Student has a dream to create -- and teach

Sunday, April 14, 2019
Self-portraits are often a great way for aspiring artists to express themselves.
T-G Photo by Dawn Hankins

NOTE: This is the first installment of a series of articles on the significance of art education in Bedford County. The stories will feature students with aspirations of future careers in the visual arts, drama and music.


Shelbyville Central High School senior Jesus Fernandez is about to graduate and embark on an art education career. The Art 4 class at SCHS has meant so much to him that hes planning to pursue a career in teaching others.
T-G Photo by Dawn Hankins

When Jesus (pronounced hay-ZOOS) Fernandez graduates from Shelbyville Central High School next month, he'll be leaving behind an artful legacy.

While finishing his portfolio in Art 4 at the Shelbyville Central High School annex, he explains how he plans to attend Middle Tennessee State University in Murfreesboro next fall. His major will be art education and his minor in psychology and Spanish. He wants to become more fluent in Spanish so that he can translate between Spanish and English.

What he really wants to do in the future is teach. He says he's truly been inspired by many of his educators while a student at SCHS, but there's one teacher in particular who gets a lot of the credit.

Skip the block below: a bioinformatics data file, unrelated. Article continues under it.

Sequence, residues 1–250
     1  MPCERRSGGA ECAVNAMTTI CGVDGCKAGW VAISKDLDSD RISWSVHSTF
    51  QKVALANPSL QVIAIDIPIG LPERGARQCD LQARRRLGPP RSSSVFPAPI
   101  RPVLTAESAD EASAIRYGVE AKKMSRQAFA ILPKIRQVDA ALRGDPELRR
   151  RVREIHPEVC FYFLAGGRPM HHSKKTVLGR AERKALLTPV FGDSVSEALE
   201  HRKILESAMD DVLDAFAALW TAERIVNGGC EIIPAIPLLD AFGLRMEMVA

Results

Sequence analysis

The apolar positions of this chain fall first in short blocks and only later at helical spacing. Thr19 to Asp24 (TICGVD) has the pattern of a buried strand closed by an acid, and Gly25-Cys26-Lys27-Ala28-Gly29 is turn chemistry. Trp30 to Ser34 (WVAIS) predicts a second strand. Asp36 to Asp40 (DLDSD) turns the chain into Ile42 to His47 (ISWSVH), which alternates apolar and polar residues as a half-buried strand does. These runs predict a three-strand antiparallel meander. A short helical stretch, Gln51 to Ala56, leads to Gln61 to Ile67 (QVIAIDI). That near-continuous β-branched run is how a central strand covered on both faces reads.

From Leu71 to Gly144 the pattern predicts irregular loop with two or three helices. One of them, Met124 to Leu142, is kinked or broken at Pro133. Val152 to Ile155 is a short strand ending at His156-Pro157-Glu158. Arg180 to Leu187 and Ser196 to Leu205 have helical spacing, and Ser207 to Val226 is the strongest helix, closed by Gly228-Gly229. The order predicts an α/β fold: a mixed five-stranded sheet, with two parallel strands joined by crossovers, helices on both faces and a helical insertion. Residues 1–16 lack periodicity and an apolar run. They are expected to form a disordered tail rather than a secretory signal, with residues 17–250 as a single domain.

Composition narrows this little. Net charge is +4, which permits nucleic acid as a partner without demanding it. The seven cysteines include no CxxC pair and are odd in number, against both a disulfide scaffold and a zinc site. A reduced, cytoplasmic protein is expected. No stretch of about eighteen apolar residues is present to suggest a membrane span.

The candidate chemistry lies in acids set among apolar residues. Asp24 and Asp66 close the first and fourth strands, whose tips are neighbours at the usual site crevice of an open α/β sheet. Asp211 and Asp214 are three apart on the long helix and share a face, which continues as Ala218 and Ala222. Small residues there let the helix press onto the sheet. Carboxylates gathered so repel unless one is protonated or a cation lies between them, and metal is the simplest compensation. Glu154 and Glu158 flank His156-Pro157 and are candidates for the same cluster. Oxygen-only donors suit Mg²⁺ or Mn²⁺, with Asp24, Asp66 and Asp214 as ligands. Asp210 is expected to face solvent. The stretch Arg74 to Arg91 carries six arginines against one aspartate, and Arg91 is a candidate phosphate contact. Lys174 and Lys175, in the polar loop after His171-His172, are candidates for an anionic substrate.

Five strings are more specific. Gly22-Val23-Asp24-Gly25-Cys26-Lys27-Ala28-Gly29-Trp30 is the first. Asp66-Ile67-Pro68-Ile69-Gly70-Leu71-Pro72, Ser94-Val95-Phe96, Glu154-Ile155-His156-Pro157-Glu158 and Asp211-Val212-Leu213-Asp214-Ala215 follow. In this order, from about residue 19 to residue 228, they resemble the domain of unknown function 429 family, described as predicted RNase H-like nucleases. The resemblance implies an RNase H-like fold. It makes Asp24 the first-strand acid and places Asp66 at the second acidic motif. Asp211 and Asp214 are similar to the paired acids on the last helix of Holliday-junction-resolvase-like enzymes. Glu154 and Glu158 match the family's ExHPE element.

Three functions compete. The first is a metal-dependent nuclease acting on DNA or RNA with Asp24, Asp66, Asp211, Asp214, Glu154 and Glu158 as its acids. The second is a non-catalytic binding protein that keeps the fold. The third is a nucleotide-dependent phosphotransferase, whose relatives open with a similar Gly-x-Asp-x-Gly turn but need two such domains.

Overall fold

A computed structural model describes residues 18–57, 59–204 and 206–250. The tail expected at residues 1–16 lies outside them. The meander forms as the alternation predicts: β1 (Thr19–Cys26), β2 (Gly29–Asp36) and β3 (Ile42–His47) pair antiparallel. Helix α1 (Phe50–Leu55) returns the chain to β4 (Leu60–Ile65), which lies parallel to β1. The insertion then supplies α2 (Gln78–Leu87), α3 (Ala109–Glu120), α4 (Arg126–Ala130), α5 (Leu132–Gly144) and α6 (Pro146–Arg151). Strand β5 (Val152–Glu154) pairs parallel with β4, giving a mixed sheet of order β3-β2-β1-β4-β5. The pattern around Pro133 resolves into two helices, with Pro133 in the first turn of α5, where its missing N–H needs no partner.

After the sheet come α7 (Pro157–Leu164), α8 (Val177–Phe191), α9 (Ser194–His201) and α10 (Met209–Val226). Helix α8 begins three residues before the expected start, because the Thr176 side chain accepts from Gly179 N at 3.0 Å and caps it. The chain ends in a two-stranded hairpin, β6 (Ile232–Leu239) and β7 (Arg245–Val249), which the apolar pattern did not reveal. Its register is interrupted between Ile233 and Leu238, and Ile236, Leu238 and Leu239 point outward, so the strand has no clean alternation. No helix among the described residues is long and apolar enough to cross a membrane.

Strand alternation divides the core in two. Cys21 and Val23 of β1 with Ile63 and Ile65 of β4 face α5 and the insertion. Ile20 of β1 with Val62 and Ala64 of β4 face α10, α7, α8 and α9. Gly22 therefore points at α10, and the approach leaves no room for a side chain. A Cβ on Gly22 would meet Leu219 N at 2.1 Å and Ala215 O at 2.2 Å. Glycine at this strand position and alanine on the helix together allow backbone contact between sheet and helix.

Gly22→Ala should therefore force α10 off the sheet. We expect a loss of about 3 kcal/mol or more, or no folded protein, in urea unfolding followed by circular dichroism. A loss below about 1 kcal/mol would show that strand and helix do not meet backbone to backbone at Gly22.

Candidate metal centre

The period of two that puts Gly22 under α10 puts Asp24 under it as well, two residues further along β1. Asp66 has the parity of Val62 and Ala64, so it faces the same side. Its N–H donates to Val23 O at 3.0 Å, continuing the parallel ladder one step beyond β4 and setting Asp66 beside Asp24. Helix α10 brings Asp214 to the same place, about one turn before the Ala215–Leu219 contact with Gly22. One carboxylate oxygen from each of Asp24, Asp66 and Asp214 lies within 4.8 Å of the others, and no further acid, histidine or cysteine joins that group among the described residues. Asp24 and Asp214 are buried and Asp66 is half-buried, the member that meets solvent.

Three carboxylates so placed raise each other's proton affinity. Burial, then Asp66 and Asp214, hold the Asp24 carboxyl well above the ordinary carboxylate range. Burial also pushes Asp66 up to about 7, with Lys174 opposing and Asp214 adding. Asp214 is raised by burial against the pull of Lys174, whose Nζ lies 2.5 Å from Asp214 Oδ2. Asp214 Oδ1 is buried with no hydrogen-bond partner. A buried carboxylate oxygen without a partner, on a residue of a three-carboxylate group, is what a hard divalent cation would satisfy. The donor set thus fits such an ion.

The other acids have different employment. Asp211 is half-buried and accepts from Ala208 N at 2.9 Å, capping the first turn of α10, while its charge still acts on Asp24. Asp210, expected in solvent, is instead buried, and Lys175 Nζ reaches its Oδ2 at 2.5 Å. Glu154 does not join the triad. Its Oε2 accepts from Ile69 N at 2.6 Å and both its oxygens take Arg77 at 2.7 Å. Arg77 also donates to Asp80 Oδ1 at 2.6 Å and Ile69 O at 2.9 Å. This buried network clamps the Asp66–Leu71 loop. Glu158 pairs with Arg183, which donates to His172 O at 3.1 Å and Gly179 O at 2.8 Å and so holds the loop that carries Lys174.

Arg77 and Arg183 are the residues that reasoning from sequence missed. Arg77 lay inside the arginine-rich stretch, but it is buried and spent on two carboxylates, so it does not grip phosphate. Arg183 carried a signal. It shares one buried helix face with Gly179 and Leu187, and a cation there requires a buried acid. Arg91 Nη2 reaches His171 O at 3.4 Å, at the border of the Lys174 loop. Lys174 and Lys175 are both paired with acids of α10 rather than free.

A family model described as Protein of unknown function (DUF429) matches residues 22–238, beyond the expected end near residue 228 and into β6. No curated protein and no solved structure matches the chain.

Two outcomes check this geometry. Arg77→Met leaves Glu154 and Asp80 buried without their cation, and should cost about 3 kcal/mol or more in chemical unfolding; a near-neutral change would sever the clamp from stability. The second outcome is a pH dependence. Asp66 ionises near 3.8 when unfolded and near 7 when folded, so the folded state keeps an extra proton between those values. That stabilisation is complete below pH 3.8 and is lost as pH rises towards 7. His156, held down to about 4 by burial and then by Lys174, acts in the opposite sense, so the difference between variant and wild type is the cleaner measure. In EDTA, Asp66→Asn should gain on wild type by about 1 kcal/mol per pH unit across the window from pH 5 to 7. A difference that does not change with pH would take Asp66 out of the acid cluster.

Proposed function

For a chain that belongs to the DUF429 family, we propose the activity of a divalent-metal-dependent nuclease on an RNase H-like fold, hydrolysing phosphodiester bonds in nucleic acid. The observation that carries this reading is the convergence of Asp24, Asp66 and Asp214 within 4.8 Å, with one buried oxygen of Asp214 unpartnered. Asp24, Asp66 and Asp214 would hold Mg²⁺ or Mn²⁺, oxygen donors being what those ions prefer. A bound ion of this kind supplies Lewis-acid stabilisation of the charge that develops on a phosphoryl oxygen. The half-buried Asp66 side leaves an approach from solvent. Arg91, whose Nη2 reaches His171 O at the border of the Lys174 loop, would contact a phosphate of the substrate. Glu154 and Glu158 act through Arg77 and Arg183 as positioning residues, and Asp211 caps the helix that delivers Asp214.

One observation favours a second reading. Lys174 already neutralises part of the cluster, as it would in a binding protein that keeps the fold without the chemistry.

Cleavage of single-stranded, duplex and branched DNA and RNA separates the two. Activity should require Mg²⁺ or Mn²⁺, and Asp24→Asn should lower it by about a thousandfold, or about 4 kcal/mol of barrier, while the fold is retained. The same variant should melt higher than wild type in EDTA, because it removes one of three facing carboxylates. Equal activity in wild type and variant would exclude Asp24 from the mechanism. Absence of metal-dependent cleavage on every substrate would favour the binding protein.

"My teacher, Megan Straub, inspired me to be an art teacher."

The SCHS senior is well-known these days for being the resident school mural artist. He is the student responsible for painting the large SCHS Golden Eagles wings mural.

Jesus Fernandez admires his work the work of sculptor and fresco artist Michelangelo, paying tribute to it in his own portfolio.
T-G Photo by Dawn Hankins

"This was great. I told Mr. [Tim] Harwell I'd love to."

Under those wings many students and teachers have posed for photos. The art student says he's honored to have his work etched onto the walls of his soon-to-be alma mater.

Jesus is socially involved in the arts as president of the SCHS Art Society and vice president of the Young Artists and Writers Society.

The SCHS senior says his art has been his safe space. Revealing the pages of his prolific portfolio, he adds that he's been creating on canvas and drawing pad for a long time.

"The arts are how I deal with life," he says. "I put myself into my work."

There have been many influential and some not so influential in the life of this SCHS student. He shows much about life in his paintings.
T-G Photo by Dawn Hankins

Art teacher Straub adds, "Even if they don't pursue art in college, there's a piece [of the arts] they'll never let go."

Jesus quietly puts the finishing touches on his portfolio in the back studio. The table light shines upon his variation of works-some of a spiritual nature and others of people, places and things-all of them illuminated with strokes of light and life.

Jesus may well be more mature in thought than most his age. It seems to have served him well, now that graduation is in hand.

"I think everyone has to be exposed to art, even though not everyone might have the aptitude to make it a career," the 18-year-old says.